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Origin of comet
OTHER WORDS FROM cometcom·et·ar·y [kom-i-ter-ee], /ˈkɒm ɪˌtɛr i/, co·met·ic [kuh-met-ik], /kəˈmɛt ɪk/, co·met·i·cal, adjectivecom·et·like, adjective
Words nearby comet
Example sentences from the Web for comet
They found that there are roughly 1,900 hydrogen atoms for each deuterium atom in the water on Comet 67P.
The probe appears to be sitting at the bottom of a "cliff" on the comet, but beyond that it's hard to tell.
The basic approach went as planned: after separating from the Rosetta orbiter, Philae coasted slowly to the comet surface.
Landing on any other world is hard, but Comet 67P is especially challenging, even apart from the low gravity.
The comet is basically shaped like a rubber ducky, but with a much rougher surface.
And Holmes's comet of 1892 displayed only a faint prismatic band devoid of any characteristic feature.A Popular History of Astronomy During the Nineteenth Century|Agnes M. (Agnes Mary) Clerke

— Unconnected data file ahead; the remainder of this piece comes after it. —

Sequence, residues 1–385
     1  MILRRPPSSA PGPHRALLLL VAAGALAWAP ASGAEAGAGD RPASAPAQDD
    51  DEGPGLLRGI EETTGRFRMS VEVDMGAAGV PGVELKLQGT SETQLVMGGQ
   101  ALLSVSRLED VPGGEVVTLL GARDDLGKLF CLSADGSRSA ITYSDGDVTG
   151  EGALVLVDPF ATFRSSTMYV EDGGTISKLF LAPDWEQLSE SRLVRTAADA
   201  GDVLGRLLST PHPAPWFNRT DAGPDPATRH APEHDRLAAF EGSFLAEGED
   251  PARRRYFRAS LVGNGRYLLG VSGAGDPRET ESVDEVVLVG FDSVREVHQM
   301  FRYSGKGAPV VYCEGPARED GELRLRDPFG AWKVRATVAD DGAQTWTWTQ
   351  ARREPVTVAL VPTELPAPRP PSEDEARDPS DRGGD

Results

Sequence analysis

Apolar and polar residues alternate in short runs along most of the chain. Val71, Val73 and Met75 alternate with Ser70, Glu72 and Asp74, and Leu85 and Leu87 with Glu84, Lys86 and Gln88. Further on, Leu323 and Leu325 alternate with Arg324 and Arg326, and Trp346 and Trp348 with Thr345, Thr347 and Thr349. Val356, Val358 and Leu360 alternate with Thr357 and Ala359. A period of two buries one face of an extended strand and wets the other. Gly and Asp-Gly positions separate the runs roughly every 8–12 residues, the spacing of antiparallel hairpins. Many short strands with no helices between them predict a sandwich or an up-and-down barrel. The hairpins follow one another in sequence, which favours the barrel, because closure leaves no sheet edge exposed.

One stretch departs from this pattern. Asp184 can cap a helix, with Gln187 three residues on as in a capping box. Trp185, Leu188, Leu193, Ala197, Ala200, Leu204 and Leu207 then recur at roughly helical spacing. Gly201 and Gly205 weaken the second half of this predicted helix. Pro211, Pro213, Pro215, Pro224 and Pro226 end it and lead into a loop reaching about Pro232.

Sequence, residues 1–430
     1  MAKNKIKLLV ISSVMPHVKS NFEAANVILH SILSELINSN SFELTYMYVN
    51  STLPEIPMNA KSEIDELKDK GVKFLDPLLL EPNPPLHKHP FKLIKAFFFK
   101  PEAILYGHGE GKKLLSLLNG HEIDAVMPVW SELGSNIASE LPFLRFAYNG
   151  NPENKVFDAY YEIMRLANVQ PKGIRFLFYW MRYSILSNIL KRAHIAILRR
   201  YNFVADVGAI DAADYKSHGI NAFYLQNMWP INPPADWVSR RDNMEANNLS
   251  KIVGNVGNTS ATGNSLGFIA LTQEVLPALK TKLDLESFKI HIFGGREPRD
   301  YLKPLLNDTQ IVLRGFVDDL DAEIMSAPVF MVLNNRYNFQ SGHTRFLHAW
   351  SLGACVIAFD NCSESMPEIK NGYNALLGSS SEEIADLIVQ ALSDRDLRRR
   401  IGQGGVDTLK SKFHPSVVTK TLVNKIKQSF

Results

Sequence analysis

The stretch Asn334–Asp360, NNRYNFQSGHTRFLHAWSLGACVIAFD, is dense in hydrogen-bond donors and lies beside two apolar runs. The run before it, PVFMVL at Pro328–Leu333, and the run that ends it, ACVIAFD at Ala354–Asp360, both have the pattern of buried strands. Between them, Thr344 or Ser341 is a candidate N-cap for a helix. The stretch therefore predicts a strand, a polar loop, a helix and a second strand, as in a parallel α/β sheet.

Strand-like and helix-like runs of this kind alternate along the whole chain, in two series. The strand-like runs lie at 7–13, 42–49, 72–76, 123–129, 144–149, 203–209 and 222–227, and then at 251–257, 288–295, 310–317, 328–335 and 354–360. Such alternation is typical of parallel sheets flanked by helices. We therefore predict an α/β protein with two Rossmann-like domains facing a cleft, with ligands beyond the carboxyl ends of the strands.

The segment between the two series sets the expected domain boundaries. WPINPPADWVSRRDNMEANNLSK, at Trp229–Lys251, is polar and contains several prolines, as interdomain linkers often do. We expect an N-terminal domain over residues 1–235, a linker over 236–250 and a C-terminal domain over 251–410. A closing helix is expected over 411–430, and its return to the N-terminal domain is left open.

The imposing aspect of the comet in 1066 described in European chronicles of that time is confirmed by the Chinese Annals.Astronomical Curiosities|J. Ellard Gore
Then a twist of the left handle-bar caused the Comet to slow down, and he pulled back on the bit.Motor Matt's Daring, or, True to His Friends|Stanley R. Matthews
According to Biela's prediction, the comet returned every six years and thirty-eight weeks until 1852.A History of the Nineteenth Century, Year by Year|Edwin Emerson
Well ship the Comet to Park Haven to-morrow, and then well go there ourselves to take part in the great race.The Motor Boys in the Clouds|Clarence Young
British Dictionary definitions for comet
Derived forms of cometcometary or cometic (kɒˈmɛtɪk), adjective
Word Origin for comet
Scientific definitions for comet
Cultural definitions for comet
An object that enters the inner solar system, typically in a very elongated orbit around the sun. Material is boiled off from the comet by the heat of the sun, so that a characteristic tail is formed. The path of a comet can be in the form of an ellipse or a hyperbola. If it follows a hyperbolic path, it enters the solar system once and then leaves forever. If its path is an ellipse, it stays in orbit around the sun.